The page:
allowed ourselves to be run over by this rapscallion. “See here, Merton,” said Junior, firmly, “shoot If you go to-morrow, I 'll go with you, and so will the dog if they set him on us, but never fire at a Rollins. His hen-roost was robbed tother night, human being. You 'd better give me the gun; I and he tracked the thieves straight toward Bagley's am cooler than you are.

house. He says his patience has given out. It They had no occasion to use the weapon, however. only needs a leader to rouse the neighborhood, but The man shook his fist at them, while his children it is n't very creditable to us that we let a newindulged in taunts and coarse derision. The dog, comer like you face the thing first. sharing their spirit and not their discretion, started “Very well,” I said, “it's for you and your for the boys, but was recalled, and our undesirable neighbors to show now how much grit and manneighbors departed leisurely.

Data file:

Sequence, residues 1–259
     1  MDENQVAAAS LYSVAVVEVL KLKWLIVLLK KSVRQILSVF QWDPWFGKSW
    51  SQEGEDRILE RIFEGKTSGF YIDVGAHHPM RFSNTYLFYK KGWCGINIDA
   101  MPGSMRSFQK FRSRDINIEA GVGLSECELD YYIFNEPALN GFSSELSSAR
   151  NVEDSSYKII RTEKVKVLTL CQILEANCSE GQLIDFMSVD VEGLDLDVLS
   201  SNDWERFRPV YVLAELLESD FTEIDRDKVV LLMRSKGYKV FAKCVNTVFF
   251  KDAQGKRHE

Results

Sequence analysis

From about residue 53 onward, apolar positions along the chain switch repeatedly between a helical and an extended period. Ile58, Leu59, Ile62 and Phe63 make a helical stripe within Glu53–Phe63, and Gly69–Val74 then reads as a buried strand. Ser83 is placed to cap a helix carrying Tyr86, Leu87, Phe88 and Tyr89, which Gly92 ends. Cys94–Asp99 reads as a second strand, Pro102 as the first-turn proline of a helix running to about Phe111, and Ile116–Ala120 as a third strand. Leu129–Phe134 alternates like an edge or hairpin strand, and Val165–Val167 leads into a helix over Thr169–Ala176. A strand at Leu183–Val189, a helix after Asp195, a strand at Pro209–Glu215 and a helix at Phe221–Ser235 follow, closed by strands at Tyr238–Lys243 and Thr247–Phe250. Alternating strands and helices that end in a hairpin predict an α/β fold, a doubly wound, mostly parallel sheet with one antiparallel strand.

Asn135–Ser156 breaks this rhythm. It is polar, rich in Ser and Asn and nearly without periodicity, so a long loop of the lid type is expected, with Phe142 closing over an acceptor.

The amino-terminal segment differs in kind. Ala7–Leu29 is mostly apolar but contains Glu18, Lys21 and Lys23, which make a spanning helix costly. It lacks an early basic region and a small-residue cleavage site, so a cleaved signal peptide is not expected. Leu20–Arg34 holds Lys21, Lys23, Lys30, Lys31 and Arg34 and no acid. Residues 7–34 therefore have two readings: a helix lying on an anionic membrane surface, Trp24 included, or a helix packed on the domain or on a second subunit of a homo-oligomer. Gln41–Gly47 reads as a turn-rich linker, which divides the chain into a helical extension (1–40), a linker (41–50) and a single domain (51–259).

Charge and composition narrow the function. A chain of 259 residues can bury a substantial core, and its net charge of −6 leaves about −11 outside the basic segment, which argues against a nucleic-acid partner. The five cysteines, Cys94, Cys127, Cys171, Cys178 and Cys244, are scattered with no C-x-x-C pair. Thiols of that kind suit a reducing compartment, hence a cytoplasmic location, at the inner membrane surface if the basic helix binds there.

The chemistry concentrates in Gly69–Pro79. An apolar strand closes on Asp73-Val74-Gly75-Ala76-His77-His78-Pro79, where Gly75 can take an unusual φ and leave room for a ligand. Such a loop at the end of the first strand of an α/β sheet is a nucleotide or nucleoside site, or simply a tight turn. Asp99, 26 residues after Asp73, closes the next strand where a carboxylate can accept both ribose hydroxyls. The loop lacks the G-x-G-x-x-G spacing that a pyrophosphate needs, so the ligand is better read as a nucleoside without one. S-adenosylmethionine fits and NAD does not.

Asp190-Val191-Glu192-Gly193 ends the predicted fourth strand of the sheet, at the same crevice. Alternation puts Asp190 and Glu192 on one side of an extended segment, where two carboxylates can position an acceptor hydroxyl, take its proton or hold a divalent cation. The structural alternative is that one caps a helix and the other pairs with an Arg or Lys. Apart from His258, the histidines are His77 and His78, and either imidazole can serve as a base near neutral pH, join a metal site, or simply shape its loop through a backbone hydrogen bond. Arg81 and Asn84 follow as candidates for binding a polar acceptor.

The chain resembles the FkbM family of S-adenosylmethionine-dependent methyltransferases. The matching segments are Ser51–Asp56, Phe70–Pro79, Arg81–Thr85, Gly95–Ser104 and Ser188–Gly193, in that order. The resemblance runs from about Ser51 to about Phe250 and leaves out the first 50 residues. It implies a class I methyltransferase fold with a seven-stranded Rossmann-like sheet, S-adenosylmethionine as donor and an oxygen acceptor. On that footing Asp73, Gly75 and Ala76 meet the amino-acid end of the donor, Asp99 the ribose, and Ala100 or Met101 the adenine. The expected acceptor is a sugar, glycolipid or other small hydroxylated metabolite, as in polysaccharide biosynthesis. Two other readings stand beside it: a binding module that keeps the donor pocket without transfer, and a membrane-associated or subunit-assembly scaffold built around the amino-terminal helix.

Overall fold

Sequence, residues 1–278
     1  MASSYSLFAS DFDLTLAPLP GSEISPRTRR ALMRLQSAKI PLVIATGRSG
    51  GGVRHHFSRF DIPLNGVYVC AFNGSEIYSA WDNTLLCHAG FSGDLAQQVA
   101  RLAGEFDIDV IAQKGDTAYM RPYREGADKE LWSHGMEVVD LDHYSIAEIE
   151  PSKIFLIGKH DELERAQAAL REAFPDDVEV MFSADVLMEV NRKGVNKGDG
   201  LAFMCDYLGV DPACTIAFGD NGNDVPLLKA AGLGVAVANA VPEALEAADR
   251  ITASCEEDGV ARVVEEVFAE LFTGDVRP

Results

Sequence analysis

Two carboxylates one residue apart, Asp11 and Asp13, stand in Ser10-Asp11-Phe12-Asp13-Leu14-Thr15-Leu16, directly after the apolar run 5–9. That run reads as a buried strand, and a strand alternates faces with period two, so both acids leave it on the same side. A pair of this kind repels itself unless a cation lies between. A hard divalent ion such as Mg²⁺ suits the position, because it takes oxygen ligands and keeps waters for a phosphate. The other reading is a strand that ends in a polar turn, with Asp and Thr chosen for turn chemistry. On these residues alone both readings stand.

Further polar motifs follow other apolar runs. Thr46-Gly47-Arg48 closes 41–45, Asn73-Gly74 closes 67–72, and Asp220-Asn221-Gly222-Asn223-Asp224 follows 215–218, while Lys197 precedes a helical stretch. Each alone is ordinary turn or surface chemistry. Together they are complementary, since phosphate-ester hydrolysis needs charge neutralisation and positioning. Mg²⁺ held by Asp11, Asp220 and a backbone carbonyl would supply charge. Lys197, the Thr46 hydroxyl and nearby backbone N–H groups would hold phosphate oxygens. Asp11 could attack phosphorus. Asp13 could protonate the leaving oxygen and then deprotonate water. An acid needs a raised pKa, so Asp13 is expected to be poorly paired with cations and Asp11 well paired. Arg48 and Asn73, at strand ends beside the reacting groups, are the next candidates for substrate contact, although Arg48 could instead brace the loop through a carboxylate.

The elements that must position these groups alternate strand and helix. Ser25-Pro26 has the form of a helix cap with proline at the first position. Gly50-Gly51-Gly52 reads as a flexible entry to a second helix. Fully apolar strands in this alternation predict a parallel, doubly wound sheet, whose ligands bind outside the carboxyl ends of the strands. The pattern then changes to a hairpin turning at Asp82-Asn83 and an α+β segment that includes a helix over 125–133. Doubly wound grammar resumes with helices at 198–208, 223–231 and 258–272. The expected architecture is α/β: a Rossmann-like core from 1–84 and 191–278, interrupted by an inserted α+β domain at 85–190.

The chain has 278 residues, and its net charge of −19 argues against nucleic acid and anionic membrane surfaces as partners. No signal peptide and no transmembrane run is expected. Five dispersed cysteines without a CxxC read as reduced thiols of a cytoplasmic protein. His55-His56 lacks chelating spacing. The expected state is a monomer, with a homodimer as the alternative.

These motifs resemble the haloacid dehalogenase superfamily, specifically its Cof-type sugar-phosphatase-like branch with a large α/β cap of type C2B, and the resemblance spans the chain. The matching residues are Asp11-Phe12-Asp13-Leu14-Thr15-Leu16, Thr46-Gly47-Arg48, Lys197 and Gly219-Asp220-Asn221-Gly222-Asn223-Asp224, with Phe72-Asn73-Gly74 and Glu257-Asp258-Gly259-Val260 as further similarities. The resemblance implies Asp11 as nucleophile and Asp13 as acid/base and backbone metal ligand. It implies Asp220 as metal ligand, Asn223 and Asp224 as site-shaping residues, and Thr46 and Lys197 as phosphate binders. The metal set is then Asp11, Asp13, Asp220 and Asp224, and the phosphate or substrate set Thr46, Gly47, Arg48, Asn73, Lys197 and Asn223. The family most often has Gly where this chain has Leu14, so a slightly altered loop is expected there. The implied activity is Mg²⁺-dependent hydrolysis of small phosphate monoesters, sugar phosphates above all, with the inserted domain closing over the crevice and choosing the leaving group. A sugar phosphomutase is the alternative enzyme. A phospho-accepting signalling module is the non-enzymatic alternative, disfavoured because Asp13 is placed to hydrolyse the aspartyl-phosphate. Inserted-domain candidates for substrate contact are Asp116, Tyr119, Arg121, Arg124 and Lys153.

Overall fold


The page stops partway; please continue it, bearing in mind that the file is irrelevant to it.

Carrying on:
hood you have. I shall start for Bagley's house at All this was related to me after night-fall, when I nine, to-morrow. Of course I shall be glad to have returned with my wife and younger children from company, and if he sees that the people will not the Maizeville landing. I confess that I fully shared stand any more of his rascality, he 'll be more apt to Merton's anger, although I listened quietly.